“We have to change, because the drug supply isn’t. It’s going to increasingly get more potent,” said Guy Felicella, a peer clinical advisor for the B.C. Centre on Substance Use in Vancouver.

Changing views on drug use

Advocates say it shouldn’t take the deaths of thousands of Canadians for that change to happen – but they’re still waiting to see widespread public outrage that will force government action.

“It doesn’t seem like there’s enough care when people are dying from poisoned supply,” said Jonny Mexico, Winnipeg network coordinator for the Manitoba Harm Reduction Network. “I don’t know if that starts at the top because politicians don’t seem to care, or if it starts with the amount of stigma that is around people who use drugs.”

Protesters march in Vancouver on the National Day of Action on the Overdose Crisis, on Feb. 20, 2018, calling for drug decriminalization. (Tina Lovgreen/CBC)

Part of the work involves changing stereotypes about people who use drugs, said Leslie McBain, co-founder of Moms Stop the Harm, a network of families who have lost loved ones due to substance use.

“This is not just those marginalized, vulnerable people. It is our brothers or sisters, our kids.”

Some people use drugs for fun, some have a dependency, and some die the very first time they ever try a drug, but “nobody who’s using drugs is wanting to die,” Mexico said.

That’s why, in most cases, the word “overdose” might not accurately reflect why a death occurred. In many cases, the victim took a drug without knowing that fentanyl or another potentially toxic substance was mixed in.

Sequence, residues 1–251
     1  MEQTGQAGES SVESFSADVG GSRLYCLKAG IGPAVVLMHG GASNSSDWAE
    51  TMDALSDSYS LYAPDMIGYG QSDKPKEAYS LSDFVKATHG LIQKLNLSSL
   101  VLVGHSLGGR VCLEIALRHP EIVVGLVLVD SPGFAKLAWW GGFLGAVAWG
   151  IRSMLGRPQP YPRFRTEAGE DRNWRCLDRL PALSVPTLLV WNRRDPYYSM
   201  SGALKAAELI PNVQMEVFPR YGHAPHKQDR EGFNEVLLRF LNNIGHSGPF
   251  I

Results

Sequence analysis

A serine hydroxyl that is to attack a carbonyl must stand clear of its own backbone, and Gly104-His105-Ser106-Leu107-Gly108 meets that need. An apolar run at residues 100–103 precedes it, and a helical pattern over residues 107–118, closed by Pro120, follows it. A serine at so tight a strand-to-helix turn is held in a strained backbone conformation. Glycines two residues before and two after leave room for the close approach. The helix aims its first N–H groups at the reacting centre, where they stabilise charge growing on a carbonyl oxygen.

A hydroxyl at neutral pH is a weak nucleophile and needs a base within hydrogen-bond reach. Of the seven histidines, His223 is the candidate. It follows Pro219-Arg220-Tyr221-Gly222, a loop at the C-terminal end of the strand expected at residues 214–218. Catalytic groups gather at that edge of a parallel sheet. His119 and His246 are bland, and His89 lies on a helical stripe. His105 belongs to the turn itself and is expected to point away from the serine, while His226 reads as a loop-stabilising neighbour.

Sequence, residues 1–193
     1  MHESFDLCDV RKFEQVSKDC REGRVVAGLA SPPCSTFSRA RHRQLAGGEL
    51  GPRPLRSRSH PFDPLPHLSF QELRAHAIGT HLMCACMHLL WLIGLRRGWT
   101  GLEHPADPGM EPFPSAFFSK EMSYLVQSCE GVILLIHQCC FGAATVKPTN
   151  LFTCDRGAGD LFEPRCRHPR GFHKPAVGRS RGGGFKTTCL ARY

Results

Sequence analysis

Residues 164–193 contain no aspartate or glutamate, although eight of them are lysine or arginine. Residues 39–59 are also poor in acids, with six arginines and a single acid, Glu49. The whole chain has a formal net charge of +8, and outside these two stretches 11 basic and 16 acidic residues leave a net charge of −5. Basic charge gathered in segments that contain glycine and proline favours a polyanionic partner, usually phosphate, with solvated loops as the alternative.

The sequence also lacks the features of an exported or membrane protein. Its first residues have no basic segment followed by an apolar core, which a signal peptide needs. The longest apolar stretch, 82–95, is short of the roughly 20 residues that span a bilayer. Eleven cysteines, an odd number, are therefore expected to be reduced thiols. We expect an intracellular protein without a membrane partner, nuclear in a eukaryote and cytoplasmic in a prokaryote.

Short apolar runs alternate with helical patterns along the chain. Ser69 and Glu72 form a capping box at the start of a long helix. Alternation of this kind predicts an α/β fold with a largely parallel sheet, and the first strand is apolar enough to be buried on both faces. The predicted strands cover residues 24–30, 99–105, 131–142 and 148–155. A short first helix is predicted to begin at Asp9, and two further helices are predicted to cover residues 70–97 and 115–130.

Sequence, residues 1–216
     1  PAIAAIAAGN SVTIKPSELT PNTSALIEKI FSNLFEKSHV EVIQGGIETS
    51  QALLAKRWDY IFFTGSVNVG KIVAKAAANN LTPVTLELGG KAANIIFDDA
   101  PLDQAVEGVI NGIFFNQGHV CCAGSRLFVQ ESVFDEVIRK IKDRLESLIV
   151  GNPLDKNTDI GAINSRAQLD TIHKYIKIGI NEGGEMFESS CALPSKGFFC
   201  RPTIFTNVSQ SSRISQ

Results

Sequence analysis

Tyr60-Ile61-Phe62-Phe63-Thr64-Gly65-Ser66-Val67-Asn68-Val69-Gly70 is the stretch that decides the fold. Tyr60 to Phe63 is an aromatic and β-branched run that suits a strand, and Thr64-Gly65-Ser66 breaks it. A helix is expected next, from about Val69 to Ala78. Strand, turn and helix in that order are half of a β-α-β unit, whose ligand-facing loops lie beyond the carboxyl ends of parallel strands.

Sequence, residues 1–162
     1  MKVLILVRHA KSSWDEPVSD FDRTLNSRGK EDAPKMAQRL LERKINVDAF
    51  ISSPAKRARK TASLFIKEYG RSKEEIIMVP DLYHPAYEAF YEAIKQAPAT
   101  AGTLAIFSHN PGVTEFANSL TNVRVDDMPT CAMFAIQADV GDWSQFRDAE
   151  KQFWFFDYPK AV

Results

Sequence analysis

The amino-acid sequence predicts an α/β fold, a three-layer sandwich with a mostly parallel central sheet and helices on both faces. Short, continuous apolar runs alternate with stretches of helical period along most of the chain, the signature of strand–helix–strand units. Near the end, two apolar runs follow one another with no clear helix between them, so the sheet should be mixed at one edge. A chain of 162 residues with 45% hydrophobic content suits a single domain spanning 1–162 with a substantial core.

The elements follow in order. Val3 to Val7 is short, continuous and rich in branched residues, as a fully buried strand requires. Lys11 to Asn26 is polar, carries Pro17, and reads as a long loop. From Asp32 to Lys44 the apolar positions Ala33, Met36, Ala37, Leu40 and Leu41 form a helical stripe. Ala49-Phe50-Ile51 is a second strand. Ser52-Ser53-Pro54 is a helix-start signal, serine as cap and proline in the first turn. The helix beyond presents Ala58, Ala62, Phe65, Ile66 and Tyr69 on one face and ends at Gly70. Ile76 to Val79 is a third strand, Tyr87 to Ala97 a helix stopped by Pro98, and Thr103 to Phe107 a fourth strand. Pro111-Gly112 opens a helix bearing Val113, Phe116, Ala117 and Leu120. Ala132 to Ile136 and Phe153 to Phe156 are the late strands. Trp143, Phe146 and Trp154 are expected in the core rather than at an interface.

“[Overdose] suggests that if they’d just been more careful, they wouldn’t have died, when we know for a fact [that] the market is so toxic right now that there is absolutely no way for people to know what’s in the substance that they’re buying,” said Lisa Lapointe, chief coroner for British Columbia, where more than 9,400 people have died from drug toxicity over the past six years.

Guy Felicella is a peer clinical advisor for the B.C. Centre on Substance Use in Vancouver. He says Canadians need to change their perceptions of drug use, and push for political action to prevent future drug-related deaths. (Submitted by Guy Felicella)

In other cases, a person who intended to use fentanyl was unaware they were taking a dose far more concentrated than what they were used to.

“When I’m buying illicit drugs off the street, it doesn’t have any of the ingredients. So you tell me what it is – it looks the same to me, I purchase it, I die. That’s poisoning,” Felicella said.

How to get the poison out of the supply